Review: Elephant Man (Red Ink Productions)


Messy production needs to find the reality


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Red Ink Productions presents
The Elephant Man
Written by Bernard Pomerance
Directed by Wenda Shereos
at First Free Church, 5255 N. Ashland (map)
through June 4  |  tickets: $12  |  more info

Reviewed by Oliver Sava

The story of Joseph “John” Merrich (Scott Cupper), otherwise know as the Elephant Man, is one of hope in the face of tragedy, and the goodness that can live under the most hideous of exteriors. Deformed at a young age, Merrick toured Europe as a sideshow attraction until he met Frederick Treves (Tyler Cove), a compassionate doctor who invited Merrick to be examined at the London Hospital, the place Merrick would call home until his death at the age of 27. Bernard Pomerance’s play focuses on the later years of Merrick’s life, as he begins to reenter a world that had shunned him, now visited by royalty rather that the taunting masses.

Directed by Wenda Shereos, Red Ink’s productions suffers from a lack of honesty in the performances, and there’s an artificial quality to the acting that makes it difficult to connect with the action on stage. In the title role, Cupper gives the strongest performance, capturing Merrick’s tortured sadness with only a few of the character’s physical deformities. There’s no makeup or prosthetics used on Cupper’s face, and it would have been nice to see some more done to emphasize Merrick’s mutated features. The costumes are some of the more polished elements of the productions, so it’s odd to see the Elephant Man depicted with such little augmentation.

Merrick’s relationship with Mrs. Kendall (Natalia Leonard), the actress hired by Treves to show John affection, reveals glimpses of a better show, and there’s genuine tenderness in Kendall’s treatment of her client. Kendall becomes the first woman to feel John’s touch, and Cupper resonates with need and satisfaction at the small bit of intimacy, the most truthful moment of the show. There are still the occasional instances the Cupper and Leonard are guilty of high school style “face out to the audience” acting, but that’s a directorial problem that plagues other areas of the play more intensely.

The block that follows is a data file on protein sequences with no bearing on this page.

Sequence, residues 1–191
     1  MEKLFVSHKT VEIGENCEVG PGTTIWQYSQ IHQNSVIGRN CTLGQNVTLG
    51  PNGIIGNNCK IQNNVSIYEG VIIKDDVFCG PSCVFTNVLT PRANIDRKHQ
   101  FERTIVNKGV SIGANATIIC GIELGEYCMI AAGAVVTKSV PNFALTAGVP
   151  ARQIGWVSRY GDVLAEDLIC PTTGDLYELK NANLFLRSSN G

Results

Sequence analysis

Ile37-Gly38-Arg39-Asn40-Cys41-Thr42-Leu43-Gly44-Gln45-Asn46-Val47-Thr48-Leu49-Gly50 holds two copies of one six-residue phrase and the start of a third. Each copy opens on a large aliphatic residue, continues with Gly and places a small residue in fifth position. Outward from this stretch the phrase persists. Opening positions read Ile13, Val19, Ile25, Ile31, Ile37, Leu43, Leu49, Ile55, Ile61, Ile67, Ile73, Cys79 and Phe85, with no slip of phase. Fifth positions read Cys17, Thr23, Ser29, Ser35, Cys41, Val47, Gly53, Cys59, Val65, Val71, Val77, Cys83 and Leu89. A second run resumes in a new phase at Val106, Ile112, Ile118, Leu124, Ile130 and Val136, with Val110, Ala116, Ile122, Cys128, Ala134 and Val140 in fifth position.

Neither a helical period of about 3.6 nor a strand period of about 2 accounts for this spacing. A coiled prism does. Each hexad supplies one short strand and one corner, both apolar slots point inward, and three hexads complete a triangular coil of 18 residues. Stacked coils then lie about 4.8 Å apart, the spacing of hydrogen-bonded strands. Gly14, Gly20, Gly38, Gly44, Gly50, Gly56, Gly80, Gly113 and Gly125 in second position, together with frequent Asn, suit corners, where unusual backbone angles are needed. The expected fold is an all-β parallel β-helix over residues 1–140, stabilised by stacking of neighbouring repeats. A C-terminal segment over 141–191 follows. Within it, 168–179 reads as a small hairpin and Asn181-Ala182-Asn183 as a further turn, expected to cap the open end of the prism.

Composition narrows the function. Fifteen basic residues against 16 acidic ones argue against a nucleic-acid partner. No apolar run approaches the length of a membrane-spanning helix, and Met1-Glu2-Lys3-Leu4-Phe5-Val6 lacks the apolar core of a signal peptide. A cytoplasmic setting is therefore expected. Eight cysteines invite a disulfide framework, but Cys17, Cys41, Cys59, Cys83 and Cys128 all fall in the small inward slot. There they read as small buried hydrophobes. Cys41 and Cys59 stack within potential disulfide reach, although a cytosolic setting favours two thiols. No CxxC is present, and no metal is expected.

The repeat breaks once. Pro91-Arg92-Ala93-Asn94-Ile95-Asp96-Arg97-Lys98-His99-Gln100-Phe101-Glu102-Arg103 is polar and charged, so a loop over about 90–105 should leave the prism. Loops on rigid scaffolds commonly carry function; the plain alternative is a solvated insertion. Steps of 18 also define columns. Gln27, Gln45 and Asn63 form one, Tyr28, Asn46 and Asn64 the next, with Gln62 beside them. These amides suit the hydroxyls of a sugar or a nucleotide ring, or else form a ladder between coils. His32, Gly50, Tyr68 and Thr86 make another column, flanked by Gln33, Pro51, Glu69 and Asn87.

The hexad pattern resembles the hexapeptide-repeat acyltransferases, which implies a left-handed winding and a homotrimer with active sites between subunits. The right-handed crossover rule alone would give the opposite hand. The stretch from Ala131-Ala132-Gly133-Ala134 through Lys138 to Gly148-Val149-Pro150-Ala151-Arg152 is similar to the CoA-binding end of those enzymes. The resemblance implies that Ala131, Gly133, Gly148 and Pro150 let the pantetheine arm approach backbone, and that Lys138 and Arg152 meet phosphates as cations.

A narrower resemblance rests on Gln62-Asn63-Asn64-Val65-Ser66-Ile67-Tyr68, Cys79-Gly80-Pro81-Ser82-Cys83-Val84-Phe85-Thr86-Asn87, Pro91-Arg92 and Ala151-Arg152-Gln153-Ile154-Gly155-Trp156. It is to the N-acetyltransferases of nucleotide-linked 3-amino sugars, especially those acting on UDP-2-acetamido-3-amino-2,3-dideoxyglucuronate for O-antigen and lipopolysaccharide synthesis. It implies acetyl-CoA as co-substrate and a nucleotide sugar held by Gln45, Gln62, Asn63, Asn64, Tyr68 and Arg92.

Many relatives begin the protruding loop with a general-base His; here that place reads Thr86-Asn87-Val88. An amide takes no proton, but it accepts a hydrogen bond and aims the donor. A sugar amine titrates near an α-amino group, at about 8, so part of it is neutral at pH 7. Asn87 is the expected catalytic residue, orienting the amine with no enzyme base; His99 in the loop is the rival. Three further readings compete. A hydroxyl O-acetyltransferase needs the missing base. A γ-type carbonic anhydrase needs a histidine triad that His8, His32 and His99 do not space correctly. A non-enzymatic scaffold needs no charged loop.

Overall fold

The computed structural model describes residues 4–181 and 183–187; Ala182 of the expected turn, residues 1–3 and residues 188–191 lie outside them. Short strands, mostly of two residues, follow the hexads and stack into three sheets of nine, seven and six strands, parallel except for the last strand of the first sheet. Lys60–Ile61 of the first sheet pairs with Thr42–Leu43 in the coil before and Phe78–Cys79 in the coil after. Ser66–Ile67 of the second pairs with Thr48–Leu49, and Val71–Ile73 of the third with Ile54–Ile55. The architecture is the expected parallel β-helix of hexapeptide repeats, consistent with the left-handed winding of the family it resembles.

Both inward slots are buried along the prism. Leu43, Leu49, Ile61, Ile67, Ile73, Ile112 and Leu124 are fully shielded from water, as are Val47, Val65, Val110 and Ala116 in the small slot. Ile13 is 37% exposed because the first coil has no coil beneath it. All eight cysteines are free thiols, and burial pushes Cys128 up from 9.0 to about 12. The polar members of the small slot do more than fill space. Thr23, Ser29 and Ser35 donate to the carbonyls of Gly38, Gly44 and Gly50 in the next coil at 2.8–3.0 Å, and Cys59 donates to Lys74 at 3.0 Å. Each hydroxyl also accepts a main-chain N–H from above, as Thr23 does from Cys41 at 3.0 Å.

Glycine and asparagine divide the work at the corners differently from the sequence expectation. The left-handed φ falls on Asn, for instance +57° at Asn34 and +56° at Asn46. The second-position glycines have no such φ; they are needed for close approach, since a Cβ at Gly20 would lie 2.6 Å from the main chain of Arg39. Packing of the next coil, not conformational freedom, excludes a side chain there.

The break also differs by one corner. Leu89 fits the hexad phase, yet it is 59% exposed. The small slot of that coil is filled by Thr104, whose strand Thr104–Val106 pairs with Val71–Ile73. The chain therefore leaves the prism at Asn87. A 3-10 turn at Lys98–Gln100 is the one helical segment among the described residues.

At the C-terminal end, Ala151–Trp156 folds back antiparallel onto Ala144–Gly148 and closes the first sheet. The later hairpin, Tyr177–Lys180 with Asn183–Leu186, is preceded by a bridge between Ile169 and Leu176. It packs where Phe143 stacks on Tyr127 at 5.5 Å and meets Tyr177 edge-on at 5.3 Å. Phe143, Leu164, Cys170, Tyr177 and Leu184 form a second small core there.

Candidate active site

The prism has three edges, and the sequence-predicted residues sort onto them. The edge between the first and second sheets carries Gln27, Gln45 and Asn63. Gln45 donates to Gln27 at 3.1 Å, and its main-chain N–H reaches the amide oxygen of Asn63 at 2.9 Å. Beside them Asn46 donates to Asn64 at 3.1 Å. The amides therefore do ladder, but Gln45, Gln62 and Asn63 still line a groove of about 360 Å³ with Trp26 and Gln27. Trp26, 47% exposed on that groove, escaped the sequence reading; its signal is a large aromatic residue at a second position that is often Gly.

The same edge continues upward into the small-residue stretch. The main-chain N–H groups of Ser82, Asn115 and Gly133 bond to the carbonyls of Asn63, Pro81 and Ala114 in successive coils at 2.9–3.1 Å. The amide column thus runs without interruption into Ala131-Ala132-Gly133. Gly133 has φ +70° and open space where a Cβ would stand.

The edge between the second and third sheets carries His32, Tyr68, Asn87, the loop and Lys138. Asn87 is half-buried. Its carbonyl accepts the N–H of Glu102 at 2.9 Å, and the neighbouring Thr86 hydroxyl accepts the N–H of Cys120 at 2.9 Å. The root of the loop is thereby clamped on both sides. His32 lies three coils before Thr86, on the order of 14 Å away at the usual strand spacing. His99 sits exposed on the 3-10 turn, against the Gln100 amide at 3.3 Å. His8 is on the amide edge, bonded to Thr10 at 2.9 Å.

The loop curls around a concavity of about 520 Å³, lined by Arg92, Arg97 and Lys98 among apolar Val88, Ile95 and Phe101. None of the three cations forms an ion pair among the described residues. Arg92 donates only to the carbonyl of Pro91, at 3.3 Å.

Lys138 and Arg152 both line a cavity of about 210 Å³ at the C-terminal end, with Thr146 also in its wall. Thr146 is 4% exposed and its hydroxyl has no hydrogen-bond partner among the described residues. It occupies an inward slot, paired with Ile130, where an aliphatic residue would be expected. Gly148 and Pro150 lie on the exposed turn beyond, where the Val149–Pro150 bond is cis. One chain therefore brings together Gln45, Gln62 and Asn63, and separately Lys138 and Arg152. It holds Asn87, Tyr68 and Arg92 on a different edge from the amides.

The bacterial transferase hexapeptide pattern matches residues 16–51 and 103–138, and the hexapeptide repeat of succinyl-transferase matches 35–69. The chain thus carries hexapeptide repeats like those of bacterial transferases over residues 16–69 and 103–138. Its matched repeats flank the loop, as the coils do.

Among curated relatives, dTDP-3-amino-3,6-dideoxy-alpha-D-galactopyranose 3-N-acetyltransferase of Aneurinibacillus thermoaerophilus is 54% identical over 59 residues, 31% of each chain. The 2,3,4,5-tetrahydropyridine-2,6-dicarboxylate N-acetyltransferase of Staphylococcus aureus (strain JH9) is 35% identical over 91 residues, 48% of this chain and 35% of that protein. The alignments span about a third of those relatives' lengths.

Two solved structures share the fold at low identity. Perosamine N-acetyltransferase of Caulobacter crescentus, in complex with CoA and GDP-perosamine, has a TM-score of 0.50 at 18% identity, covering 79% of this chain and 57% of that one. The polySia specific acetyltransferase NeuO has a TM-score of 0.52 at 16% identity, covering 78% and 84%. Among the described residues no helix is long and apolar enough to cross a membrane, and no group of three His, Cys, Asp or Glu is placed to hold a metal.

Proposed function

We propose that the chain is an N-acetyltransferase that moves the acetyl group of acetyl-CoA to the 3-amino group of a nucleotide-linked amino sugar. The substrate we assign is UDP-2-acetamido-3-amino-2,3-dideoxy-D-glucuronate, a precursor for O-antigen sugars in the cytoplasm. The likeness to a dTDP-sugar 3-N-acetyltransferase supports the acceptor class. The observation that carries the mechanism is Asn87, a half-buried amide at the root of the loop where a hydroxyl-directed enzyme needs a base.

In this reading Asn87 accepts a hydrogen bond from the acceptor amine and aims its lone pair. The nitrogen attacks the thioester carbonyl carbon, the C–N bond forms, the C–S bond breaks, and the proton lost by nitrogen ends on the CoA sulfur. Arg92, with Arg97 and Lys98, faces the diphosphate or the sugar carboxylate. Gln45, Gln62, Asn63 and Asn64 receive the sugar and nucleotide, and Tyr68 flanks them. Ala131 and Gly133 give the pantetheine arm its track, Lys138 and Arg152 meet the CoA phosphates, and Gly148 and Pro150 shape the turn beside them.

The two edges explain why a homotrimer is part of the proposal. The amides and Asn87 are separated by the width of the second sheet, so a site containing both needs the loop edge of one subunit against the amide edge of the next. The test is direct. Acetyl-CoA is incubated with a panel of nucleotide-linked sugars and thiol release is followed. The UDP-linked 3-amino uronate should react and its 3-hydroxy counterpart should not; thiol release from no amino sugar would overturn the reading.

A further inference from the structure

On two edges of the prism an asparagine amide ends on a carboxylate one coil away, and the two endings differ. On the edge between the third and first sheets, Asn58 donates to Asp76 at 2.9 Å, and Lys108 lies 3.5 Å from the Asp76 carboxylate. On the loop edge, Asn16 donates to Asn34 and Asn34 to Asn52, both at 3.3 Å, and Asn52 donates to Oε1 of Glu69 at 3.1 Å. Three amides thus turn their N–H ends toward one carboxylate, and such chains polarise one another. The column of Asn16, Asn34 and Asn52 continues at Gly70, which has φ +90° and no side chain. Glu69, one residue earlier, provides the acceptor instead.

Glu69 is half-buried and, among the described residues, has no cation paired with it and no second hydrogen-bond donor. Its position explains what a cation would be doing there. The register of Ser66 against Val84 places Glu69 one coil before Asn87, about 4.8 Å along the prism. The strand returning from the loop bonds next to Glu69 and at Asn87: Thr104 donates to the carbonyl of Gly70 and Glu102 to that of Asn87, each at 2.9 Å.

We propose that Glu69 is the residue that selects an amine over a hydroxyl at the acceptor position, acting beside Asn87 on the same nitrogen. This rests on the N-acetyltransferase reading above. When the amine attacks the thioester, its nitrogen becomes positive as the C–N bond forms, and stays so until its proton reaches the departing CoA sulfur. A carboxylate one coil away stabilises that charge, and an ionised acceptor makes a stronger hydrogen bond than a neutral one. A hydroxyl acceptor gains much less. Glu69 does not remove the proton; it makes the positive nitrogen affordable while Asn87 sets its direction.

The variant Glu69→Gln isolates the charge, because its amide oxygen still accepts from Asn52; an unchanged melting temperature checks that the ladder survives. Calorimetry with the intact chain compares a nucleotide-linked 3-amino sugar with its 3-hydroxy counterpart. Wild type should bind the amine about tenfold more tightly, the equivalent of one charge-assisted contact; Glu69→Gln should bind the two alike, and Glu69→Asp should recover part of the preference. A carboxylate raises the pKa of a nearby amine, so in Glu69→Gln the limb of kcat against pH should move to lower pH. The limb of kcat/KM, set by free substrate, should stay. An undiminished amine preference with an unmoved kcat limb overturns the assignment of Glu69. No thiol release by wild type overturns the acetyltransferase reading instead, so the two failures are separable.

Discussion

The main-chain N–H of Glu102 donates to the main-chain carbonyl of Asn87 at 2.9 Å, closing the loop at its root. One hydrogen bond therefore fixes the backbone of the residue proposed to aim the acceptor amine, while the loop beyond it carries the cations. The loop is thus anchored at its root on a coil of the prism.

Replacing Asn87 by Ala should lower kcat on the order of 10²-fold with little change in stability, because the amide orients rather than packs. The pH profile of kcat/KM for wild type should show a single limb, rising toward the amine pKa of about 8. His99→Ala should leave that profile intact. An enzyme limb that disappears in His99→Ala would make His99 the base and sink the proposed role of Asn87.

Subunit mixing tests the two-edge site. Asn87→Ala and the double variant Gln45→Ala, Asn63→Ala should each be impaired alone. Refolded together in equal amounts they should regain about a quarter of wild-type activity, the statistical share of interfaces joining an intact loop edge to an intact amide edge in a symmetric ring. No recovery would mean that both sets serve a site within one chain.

Wenda Shereos’ direction is the main problem of The Elephant Man, and the actors haven’t reached the emotional heights needed to land the script’s full impact. The performances are too safe and subdued, and the second act moves at a crawl as a result. Bizarre choices like having the ensemble exit after a group sequence at the start of act two, only to reenter immediately for an almost identical sequence breaks the momentum of the act before if even starts. The production is underscored by cello soloist William Jason Raynovich, who does much to set the tone of the piece through music, but occasionally plays for a bit too long, further slowing down the production. Much of the emotional power of the script is diminished because of the lagging pace of the place, not helped by sloppy technical aspects like blackouts before actors have finished the scene. At one point, two actors actually pantomimed a prop, completely destroying any illusion of reality. That’s not even excusable for a high school production.

The Elephant Man is an ideal play for Red Ink’s mission statement, exploring a life of suffering and the sanctuary that can be found in other people. Although the echo causes problems when combined with some of the actors’ dialects, the church space brings a certain ambiance that emphasizes Merrick’s faith, and the cross that hangs behind the set is a constant remind of the hope and forgiveness Jesus Christ represents. Like Christ, John Merrick is both every man and more than man, and this production just needs more work so the power of Merrick’s story reaches the audience.

Rating: ★½

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Red Ink Productions’ production of Elephant Man continues through June 4th, with performances Friday and Saturday at 8pm in the First Free Church, 5255 N. Ashland (map).  Tickets are $12, and can be purchased online.